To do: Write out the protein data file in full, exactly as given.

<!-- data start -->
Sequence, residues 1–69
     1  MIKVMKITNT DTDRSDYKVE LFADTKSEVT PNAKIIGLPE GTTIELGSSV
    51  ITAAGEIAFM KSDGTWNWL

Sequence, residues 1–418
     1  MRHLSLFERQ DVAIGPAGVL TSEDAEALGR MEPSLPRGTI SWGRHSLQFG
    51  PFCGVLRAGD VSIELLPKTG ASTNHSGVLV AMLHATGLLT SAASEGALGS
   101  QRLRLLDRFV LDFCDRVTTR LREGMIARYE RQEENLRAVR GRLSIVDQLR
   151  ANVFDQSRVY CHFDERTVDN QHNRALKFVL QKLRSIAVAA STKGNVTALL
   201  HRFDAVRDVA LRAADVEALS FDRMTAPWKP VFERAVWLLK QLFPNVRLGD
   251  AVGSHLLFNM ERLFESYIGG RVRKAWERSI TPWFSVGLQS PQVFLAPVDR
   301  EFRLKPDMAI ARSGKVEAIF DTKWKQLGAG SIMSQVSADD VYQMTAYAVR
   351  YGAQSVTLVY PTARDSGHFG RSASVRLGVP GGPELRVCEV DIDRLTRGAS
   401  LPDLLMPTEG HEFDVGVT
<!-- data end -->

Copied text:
Sequence, residues 1–69
     1  MIKVMKITNT DTDRSDYKVE LFADTKSEVT PNAKIIGLPE GTTIELGSSV
    51  ITAAGEIAFM KSDGTWNWL

Sequence, residues 1–418
     1  MRHLSLFERQ DVAIGPAGVL TSEDAEALGR MEPSLPRGTI SWGRHSLQFG
    51  PFCGVLRAGD VSIELLPKTG ASTNHSGVLV AMLHATGLLT SAASEGALGS
   101  QRLRLLDRFV LDFCDRVTTR LREGMIARYE RQEENLRAVR GRLSIVDQLR
   151  ANVFDQSRVY CHFDERTVDN QHNRALKFVL QKLRSIAVAA STKGNVTALL
   201  HRFDAVRDVA LRAADVEALS FDRMTAPWKP VFERAVWLLK QLFPNVRLGD
   251  AVGSHLLFNM ERLFESYIGG RVRKAWERSI TPWFSVGLQS PQVFLAPVDR
   301  EFRLKPDMAI ARSGKVEAIF DTKWKQLGAG SIMSQVSADD VYQMTAYAVR
   351  YGAQSVTLVY PTARDSGHFG RSASVRLGVP GGPELRVCEV DIDRLTRGAS
   401  LPDLLMPTEG HEFDVGVT